Those who believe bats are blind just can’t see the truth themselves. In reality, all bats can see. Many of them, in fact, can see really well, even in dim light. Most fruit-eating bats, for example, have large bulging eyes that help them find their way and locate food by sight. But other bats, especially those that hunt for insects at night, need to rely a lot more on other senses in the dark. These winged wonders make up for low visibility by “seeing” with their ears, and they do this by using a technique called echolocation. A bat echolocates by sending out streams of high-pitched sounds through its mouth or nose. These signals then bounce off nearby objects and send back echoes. By “reading” these echoes with its super-sensitive ears, the bat can determine the location, distance, size, texture and shape of an object in its environment. In some cases, a bat can even use echoes to tell insects that are edible apart from those that aren’t. And even bats which have been blinded can catch their food without a hitch this way.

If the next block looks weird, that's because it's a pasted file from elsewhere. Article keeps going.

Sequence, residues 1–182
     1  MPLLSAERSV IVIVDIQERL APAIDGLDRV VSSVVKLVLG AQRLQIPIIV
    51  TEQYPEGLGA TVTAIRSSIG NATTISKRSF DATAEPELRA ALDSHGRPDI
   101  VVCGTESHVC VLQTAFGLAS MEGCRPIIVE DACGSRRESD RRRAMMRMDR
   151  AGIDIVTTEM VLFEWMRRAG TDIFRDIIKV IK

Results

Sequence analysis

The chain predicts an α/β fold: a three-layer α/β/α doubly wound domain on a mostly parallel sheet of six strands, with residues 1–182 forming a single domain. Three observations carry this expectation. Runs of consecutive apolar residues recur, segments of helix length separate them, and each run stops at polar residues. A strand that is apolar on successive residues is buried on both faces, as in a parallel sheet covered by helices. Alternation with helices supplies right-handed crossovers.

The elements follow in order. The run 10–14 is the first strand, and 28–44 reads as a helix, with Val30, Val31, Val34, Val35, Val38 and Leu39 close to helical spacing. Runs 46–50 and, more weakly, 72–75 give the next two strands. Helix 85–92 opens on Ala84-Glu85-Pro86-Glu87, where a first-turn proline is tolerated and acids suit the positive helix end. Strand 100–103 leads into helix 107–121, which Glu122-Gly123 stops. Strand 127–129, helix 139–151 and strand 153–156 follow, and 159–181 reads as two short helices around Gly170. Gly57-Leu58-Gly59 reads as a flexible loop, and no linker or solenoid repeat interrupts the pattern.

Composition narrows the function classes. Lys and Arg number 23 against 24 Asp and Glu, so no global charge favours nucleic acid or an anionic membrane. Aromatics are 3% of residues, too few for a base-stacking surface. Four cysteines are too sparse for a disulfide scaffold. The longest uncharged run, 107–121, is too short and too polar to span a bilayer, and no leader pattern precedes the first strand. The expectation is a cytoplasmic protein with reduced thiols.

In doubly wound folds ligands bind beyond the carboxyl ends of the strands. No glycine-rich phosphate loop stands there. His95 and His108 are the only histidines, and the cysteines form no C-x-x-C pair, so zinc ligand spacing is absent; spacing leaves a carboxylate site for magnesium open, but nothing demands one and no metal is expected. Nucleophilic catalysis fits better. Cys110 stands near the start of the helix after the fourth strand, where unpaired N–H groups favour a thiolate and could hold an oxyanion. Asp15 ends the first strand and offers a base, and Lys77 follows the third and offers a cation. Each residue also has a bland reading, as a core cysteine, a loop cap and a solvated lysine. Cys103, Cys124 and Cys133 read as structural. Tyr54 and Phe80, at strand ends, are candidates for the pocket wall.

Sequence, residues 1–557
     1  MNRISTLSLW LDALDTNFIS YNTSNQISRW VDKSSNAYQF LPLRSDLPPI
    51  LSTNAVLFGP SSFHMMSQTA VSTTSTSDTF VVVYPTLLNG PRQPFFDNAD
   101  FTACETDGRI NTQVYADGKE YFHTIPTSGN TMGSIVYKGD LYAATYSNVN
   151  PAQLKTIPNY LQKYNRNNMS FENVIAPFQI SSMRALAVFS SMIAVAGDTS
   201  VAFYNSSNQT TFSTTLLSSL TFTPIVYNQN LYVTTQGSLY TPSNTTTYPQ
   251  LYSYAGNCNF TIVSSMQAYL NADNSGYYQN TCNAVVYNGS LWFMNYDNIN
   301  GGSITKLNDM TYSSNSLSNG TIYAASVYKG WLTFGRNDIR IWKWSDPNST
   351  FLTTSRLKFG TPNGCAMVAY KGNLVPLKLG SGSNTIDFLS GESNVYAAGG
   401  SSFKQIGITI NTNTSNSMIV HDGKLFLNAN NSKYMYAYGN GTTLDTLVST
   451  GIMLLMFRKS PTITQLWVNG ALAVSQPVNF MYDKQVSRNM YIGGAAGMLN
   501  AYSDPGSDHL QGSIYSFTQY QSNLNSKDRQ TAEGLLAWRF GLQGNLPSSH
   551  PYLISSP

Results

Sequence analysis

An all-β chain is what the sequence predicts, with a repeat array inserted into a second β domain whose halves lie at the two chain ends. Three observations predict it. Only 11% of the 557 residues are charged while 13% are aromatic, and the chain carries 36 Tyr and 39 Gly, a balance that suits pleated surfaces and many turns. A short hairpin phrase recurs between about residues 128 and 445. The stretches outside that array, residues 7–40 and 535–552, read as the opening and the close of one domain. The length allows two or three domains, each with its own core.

Curious about what bats sound like when they’re echolocating? Sorry to say, but your ears alone won’t tell you. Those sounds are so high-pitched, they’re beyond the range of human hearing. But if you borrow a scientist’s bat detector, a handy gadget that converts bat calls to sounds people can hear, you can indeed listen in and make the mysterious world of bats a little less